Polio 101
Poliomyelitis, commonly referred to as polio, is a highly contagious viral disease that, despite being deemed as a problem of the past by the Western world, remains a very current problem in other parts of the world. Though its remnants are seen in the stunted limbs of the survivors, polio’s worst effect is no disfigurement.

Polio is a potentially fatal disease of the nervous system that causes paralysis. After infection, the organs can stop functioning within a matter of hours. Fatalities normally occur if the virus affects the respiratory system, preventing the victim from breathing. In some cases, polio leaves an individual with permanent paralysis, typically in the lower body.

In the majority of cases, polio shows no symptoms. Although anyone can contract the disease when they come in contact with it, the disease mainly affects children under five. Currently, there is no cure for polio once it has been contracted. Programs to eradicate polio work solely through prevention by vaccinating children at a young age.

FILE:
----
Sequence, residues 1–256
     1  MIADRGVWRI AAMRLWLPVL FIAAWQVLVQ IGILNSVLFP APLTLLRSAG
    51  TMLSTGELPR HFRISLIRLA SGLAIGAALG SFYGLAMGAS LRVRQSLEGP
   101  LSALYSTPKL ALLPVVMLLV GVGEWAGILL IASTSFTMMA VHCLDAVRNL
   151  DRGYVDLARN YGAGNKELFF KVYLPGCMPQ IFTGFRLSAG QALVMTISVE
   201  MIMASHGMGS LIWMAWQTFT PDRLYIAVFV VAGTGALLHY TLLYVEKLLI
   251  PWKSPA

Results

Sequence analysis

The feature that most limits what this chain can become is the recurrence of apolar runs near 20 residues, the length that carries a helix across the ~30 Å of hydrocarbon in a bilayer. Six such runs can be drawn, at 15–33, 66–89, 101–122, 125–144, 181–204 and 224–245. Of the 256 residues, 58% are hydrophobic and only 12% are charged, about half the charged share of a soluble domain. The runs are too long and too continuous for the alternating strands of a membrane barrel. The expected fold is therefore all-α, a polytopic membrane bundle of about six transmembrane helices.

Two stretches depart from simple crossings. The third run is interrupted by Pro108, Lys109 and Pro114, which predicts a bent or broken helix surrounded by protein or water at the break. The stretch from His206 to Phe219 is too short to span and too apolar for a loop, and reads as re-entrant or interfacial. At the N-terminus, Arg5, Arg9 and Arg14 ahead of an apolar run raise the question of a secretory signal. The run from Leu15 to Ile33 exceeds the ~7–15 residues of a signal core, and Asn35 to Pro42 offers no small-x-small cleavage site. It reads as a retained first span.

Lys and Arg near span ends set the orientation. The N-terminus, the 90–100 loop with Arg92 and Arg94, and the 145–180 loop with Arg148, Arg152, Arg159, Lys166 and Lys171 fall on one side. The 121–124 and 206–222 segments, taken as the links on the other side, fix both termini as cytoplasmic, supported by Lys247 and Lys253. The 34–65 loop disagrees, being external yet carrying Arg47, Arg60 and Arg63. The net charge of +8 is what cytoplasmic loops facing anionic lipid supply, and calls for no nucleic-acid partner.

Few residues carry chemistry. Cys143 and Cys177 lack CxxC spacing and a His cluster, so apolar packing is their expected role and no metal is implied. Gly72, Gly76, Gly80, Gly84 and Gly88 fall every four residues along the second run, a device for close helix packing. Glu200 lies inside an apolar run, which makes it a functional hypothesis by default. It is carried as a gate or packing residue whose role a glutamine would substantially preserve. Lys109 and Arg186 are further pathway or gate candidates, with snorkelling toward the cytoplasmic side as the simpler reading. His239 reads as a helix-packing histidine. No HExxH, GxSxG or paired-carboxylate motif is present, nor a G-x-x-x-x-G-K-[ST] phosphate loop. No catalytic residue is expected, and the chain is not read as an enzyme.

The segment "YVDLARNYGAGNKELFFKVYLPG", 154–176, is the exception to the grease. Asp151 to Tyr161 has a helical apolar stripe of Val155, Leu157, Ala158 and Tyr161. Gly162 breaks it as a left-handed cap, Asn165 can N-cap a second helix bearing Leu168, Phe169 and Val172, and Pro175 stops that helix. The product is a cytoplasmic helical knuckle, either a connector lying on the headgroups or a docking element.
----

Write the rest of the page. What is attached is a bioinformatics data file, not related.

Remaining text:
As a result of a huge global effort to eradicate the disease, it has largely disappeared and has become one of the global health’s success stories. Only 223 cases were reported in 2012 (down from an estimated 350,000 in 1988). According to the World Health Organization, only three countries in the world still report polio as a problem: Afghanistan, Nigeria, and Pakistan.

At the Global Vaccine Summit in the United Arab Emirates in April 2013, a five-year plan was presented to ensure the eradication of all forms of polio, backed by contributions of 75% of the 5.5 billion necessaries for implementation.

– Farahnaz Mohammed
Source: WHO
Photo: Cyrusdurant